While Wisconsin winters freeze Lake Superior, Wisconsin Energy warms the interiors of Wisconsin homes and businesses. The company's utilities provide electricity to more than 1.1 million customers and natural gas to almost 1.1 million customers in eastern and northern Wisconsin and Michigan's Upper Peninsula. It also serves more than 460 steam customers in downtown Milwaukee. Wisconsin Energy has about 5,990 MW of generating capacity, primarily from coal-fired and nuclear-powered plants. The company's primary utility subsidiaries, Wisconsin Gas and Wisconsin Electric, operate together as We Energies. Non-utility operations include power generation leasing and real estate development.
Wisconsin Energy provides electric and natural gas service to customers in areas of Wisconsin and the Upper Peninsula of Michigan.
The company operates a utility energy segment and a non-utility energy segment. Its primary subsidiaries are Wisconsin Electric, and Wisconsin Gas, and W.E. Power, LLC (We Power). Wisconsin Electric and Wisconsin Gas operate together under the trade name of "We Energies." The company’s non-utility energy segment, We Power, owns and leases four Wisconsin Electric generation plants constructed as part of its Power the Future strategy.
Sales and Marketing
The company's largest retail electric customers are two iron ore mines (in the Upper Peninsula of Michigan) which accounted for 6.6% and 7.1% of Wisconsin Energy's total electric utility energy sales in 2012 and 2011.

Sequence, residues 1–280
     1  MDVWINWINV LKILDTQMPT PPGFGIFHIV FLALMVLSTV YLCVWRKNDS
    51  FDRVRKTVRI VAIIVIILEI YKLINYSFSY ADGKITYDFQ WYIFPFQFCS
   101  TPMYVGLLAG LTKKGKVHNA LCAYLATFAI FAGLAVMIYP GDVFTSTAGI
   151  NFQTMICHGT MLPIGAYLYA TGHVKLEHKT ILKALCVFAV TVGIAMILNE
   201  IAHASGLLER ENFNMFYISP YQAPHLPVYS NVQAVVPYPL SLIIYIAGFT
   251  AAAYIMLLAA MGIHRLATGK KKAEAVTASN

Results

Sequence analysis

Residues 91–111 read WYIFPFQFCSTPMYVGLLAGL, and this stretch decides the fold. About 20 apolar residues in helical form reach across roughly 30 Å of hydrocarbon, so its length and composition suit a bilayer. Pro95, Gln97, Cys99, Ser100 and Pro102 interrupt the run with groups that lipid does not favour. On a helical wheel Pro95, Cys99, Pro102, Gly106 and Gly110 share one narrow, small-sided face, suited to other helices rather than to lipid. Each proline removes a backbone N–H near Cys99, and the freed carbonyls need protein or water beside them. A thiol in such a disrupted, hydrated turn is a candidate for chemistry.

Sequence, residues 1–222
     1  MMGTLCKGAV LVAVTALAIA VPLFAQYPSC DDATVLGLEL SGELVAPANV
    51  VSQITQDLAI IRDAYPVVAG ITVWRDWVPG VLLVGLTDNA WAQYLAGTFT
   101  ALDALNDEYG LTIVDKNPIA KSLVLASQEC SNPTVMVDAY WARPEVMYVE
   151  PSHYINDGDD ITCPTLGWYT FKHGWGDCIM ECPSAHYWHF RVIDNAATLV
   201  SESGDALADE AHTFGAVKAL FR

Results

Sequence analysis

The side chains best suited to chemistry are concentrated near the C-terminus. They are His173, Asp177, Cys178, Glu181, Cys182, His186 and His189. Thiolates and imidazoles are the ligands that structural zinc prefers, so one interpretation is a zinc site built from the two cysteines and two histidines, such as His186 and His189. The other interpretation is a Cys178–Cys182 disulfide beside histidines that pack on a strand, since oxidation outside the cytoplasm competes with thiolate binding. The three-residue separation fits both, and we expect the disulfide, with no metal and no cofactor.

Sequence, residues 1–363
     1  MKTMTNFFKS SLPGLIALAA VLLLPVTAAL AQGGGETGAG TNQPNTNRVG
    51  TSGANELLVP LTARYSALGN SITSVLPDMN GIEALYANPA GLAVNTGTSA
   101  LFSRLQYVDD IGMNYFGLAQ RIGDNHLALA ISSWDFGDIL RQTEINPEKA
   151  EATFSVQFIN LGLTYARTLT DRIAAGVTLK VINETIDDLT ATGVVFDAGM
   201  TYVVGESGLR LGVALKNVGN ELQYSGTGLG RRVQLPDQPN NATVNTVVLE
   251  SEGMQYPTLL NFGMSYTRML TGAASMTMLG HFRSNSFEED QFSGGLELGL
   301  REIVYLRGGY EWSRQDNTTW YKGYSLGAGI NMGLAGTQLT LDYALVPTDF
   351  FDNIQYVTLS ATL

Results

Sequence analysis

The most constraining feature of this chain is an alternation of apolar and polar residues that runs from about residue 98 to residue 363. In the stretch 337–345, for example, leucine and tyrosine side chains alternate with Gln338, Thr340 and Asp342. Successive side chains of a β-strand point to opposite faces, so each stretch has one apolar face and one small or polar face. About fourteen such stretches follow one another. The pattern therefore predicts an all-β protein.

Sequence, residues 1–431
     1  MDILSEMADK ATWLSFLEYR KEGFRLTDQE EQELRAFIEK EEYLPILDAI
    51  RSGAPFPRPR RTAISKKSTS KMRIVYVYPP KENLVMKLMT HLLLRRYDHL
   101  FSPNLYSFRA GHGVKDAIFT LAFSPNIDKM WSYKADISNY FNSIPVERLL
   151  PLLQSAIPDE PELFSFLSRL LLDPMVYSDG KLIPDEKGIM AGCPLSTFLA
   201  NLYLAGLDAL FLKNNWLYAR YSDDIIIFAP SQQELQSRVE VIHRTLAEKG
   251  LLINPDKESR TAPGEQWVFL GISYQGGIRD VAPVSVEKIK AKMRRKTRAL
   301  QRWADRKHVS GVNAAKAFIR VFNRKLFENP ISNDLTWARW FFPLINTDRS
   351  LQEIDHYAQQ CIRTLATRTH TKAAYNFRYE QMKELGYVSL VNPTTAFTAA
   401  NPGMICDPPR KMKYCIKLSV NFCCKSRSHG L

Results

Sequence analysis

Wisconsin Energy's revenues dropped by 5% in 2012 due to lower electric utility operating revenues due to reduced sales into the MISO Energy Markets. A planned outage at an iron ore mine of its major customer and the conversion to self-generation by two other large customers cut electric revenues. (Sales to large commercial/industrial customers decreased by 2.8%.)
The company reported net income of $546.3 million in 2012 (4% up on 2011) thanks to a decrease in operating expenses and higher income from continuing operations.
The company's strategy is to invest in new gas, coal, and green energy plants, and upgrade existing plants and its distribution system, while selling non-core assets. To meet clean energy regulations, Wisconsin Energy has been shifting the mix of its energy portfolio towards greener supply sources. However, in 2012 Wisconsin Energy's coal plants still accounted for the bulk of its generating capacity, and the company faces significant costs in order to comply with environmental regulations and remediation compliance standards going forward, even as its shifts to more efficient and greener power operations.
To raise cash, in 2012 Wisconsin Electric Power sold its 25% stake in Edgewater Generating Station Unit 5 to Wisconsin Power and Light for $38 million.
In 2011 the company completed the extensive emission-control system retrofitting and upgrade of its 615 MW coal-fired Oak Creek Power Plant Unit 2. (The upgrade of Unit 1 was completed in 2010).
The company was founded in 1981 and became a diversified holding company in 1986.
Wisconsin Energy sold a number of assets in 2009 and 2010 in order to pay down debt and focus on its core businesses. It sold its water utility to the City of Mequon, Wisconsin for $14.5 million, and power utility to Edison Sault to Cloverland Electric Cooperative $61.5 million.